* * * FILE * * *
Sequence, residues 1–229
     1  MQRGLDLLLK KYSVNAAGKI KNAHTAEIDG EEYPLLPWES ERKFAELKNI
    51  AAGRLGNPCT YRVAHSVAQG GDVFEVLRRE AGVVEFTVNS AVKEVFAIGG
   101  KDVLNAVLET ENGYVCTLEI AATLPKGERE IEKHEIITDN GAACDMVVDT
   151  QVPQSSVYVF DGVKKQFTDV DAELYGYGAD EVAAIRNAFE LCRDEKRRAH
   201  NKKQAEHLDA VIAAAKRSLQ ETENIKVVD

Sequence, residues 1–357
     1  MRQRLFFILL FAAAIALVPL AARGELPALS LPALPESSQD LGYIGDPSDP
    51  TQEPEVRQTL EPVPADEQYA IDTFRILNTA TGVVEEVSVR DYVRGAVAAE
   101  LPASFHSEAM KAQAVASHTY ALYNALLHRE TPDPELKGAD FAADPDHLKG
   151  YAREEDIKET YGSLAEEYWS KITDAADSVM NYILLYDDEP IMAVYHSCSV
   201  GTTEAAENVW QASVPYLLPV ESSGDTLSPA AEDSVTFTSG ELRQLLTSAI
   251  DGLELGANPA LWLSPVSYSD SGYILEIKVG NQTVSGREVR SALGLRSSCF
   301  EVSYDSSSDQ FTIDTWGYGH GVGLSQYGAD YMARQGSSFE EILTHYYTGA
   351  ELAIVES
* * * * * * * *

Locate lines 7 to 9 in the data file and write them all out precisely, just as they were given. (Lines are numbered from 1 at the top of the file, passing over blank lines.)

Sequence, residues 1–357
     1  MRQRLFFILL FAAAIALVPL AARGELPALS LPALPESSQD LGYIGDPSDP
    51  TQEPEVRQTL EPVPADEQYA IDTFRILNTA TGVVEEVSVR DYVRGAVAAE